Research will Compare Landscape Responses to Climate Variations

Research will Compare Landscape Responses to Climate Variations
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MBL Senior Scientist Edward Rastetter has received a grant from the National Science Foundation to study the responses of several natural, land-based ecosystems to variations in climate and landscape disturbances.

Unlike agricultural ecosystems that rely heavily on an external supply of nutrients through fertilizer application, most natural terrestrial ecosystems, such as forests, prairies, and tundra, rely almost exclusively on internally recycled nutrients to support plant production. In these natural ecosystems, the supplies of nutrients such as nitrogen and phosphorus from external sources — such as weathering bedrock and deposition in rain and dust — are so slow that they represent less than 5 percent of the annual plant requirements. Instead, these ecosystems accumulate nutrients over thousands of years and entrain them into their internal nutrient cycles.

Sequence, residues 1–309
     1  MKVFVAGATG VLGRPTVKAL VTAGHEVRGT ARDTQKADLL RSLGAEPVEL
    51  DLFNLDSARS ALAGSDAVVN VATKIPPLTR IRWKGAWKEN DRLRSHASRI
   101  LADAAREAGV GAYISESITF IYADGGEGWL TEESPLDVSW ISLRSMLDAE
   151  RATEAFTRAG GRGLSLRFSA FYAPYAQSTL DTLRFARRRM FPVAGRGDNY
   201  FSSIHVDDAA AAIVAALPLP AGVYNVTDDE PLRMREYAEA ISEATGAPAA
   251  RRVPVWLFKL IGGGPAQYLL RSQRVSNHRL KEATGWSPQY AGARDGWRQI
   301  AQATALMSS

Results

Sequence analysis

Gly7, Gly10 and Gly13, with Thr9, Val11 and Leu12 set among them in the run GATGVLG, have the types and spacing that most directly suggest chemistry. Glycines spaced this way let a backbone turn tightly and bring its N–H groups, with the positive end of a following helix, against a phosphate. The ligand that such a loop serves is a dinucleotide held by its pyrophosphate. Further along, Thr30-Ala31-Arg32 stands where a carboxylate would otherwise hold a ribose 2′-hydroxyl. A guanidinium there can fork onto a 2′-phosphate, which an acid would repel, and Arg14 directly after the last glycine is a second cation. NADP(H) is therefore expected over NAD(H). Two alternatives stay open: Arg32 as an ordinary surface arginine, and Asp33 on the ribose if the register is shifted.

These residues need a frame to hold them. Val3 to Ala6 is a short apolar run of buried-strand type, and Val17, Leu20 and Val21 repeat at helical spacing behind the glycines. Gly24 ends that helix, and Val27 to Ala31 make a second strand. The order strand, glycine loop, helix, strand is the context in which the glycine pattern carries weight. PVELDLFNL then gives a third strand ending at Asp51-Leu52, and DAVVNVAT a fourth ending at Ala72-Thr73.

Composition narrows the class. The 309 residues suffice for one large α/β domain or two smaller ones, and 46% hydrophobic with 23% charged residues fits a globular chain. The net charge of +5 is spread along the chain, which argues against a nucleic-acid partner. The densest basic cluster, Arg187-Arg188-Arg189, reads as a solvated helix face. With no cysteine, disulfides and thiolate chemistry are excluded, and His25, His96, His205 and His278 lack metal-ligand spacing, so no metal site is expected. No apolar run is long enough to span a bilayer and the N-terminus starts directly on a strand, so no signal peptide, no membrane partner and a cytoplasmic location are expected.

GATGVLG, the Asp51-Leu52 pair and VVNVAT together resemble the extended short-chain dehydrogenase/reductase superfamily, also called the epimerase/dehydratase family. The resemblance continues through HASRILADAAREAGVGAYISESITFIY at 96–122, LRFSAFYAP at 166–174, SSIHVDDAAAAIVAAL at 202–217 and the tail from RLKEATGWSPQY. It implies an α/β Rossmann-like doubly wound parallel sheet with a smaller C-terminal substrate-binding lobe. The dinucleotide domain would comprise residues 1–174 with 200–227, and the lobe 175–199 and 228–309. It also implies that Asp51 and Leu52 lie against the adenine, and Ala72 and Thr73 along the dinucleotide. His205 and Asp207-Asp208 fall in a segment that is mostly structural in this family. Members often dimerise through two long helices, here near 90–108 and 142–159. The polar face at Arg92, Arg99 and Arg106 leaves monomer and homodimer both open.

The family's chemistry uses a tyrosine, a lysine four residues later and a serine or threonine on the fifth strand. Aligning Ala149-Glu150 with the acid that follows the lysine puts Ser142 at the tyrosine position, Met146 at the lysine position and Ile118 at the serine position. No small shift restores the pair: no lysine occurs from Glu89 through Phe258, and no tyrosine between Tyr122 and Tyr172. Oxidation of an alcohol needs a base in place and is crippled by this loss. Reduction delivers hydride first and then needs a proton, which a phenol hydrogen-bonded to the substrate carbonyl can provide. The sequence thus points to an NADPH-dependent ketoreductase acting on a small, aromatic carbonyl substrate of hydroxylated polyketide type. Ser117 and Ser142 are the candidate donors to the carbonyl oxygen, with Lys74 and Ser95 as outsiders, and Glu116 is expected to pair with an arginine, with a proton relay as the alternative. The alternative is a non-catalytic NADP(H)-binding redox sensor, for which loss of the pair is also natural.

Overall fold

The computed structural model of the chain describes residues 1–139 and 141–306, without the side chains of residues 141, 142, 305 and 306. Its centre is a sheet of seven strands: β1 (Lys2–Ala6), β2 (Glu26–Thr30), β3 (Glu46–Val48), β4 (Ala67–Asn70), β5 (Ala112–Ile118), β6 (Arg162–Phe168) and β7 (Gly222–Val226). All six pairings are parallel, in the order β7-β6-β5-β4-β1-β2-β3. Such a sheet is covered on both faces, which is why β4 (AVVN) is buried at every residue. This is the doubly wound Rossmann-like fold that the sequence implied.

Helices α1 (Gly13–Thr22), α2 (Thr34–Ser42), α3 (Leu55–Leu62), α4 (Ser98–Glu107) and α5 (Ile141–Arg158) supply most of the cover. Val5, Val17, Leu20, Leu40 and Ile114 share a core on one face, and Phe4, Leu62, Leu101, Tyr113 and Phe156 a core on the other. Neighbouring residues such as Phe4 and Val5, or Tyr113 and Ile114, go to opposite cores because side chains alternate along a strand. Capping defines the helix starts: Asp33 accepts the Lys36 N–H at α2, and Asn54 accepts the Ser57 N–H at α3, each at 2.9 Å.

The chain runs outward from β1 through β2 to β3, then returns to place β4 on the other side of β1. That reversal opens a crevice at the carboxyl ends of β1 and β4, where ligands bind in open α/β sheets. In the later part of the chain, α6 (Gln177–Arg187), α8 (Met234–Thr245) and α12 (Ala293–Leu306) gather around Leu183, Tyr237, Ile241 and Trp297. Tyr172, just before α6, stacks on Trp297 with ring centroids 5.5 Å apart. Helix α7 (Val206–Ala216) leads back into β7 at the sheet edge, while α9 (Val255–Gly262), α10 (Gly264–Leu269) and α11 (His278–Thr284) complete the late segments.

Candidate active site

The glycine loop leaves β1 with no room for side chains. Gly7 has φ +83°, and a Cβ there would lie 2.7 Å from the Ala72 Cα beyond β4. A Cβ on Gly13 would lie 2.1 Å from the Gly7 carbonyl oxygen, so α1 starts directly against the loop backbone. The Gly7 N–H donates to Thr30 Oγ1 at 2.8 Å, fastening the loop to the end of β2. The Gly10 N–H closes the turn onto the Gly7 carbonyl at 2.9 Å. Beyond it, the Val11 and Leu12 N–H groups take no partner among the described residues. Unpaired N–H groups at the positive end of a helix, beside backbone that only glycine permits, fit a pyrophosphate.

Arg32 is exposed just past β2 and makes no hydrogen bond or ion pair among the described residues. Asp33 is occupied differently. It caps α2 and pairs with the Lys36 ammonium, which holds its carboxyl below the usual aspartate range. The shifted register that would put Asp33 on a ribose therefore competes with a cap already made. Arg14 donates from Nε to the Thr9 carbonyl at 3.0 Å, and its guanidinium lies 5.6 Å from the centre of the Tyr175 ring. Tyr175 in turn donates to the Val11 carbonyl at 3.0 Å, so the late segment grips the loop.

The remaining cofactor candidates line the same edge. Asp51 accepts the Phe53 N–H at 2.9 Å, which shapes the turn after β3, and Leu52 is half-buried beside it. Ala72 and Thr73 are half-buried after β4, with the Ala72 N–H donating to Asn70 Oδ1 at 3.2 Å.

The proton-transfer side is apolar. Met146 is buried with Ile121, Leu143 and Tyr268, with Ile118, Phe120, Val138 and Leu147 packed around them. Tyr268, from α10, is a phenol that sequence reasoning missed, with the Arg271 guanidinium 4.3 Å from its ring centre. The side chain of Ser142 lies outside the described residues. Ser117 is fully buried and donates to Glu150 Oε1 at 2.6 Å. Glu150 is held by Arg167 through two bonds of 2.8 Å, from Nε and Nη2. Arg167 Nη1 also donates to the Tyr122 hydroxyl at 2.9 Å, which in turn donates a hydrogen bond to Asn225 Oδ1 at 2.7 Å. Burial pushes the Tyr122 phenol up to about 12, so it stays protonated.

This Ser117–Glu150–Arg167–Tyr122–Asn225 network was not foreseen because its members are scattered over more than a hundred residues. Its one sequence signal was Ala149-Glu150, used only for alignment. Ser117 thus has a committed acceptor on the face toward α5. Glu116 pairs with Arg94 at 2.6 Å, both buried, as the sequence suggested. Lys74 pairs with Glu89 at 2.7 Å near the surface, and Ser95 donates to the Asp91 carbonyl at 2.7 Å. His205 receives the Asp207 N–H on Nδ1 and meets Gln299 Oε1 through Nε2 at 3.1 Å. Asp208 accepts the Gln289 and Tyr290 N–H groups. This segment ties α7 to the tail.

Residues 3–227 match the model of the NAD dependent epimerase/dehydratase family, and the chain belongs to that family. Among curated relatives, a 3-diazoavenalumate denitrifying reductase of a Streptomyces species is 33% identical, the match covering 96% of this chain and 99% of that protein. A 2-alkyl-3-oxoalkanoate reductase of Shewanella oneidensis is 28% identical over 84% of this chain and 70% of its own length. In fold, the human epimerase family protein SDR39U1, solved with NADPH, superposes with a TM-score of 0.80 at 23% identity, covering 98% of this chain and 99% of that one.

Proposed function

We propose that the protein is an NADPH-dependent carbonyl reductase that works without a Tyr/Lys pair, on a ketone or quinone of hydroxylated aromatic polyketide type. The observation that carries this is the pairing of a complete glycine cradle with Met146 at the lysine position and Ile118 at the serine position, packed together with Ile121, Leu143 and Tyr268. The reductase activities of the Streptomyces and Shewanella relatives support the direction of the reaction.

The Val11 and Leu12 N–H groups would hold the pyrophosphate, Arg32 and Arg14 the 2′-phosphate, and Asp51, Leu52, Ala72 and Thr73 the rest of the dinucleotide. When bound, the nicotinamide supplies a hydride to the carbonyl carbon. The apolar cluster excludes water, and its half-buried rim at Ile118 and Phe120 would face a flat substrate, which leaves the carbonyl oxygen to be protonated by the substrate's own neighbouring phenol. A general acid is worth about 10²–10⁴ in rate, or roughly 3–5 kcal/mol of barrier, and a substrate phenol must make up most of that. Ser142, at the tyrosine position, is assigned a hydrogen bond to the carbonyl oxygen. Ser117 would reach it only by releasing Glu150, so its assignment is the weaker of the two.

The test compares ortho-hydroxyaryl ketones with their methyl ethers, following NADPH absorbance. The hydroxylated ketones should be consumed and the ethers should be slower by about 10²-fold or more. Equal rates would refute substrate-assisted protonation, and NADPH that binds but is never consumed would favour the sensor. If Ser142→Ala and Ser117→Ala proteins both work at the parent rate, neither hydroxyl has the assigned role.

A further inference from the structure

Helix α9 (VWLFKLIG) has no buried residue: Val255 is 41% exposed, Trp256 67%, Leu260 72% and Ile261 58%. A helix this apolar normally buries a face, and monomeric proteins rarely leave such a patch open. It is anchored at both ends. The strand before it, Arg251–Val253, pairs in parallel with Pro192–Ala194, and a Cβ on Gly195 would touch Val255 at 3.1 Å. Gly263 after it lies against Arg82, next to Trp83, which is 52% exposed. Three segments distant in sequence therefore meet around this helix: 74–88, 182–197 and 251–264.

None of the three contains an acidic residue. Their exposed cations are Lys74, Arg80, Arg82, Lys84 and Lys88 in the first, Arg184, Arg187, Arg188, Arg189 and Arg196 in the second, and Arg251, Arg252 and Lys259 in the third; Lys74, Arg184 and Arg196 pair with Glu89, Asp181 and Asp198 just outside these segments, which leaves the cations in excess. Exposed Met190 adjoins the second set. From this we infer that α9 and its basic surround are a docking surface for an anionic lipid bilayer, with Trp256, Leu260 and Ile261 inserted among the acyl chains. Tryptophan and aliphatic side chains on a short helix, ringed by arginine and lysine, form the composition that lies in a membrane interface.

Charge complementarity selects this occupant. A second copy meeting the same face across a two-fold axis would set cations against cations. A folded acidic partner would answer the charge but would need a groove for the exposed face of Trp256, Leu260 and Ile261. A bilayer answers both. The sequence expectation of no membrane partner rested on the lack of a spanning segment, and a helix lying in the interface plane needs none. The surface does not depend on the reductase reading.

This project will compare and contrast various types of ecosystems, from grassland to forest, from tropical to arctic, to assess how these ecosystems accumulate nutrients over time and how their dependence on recycled nutrients affects their responses to climate variation, elevated carbon dioxide in the atmosphere, and disturbances like wildfire, biomass harvest, or storm damage. The project will further advance the theory of resource optimization and element interactions in terrestrial ecosystems, and evaluate the potential of carbon and nutrient sequestration or loss across the globe.

Caption: Arctic tundra and Brooks Range on Alaska’s North Slope.